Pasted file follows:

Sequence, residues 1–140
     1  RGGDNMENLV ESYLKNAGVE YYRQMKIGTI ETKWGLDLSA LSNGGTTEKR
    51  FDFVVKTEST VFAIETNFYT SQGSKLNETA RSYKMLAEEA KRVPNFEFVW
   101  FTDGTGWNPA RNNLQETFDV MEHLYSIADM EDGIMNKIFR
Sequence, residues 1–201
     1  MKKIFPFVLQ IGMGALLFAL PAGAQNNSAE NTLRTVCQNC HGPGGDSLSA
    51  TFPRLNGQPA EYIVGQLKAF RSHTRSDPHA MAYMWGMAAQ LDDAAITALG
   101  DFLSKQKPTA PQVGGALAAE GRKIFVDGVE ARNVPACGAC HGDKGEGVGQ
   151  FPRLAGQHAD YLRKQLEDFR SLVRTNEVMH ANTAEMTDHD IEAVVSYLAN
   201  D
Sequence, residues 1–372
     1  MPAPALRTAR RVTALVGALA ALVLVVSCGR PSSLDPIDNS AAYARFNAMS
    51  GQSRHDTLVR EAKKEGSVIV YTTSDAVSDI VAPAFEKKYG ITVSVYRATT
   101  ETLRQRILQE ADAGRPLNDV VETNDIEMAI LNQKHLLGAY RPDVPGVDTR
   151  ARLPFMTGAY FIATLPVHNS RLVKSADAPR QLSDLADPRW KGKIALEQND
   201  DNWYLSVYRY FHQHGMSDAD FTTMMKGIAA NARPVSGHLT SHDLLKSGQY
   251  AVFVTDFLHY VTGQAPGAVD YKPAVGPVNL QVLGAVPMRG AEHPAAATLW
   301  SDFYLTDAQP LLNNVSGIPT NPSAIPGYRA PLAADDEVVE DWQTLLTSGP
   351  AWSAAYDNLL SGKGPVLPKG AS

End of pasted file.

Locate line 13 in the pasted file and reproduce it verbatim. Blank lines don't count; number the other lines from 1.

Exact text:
    51  GQSRHDTLVR EAKKEGSVIV YTTSDAVSDI VAPAFEKKYG ITVSVYRATT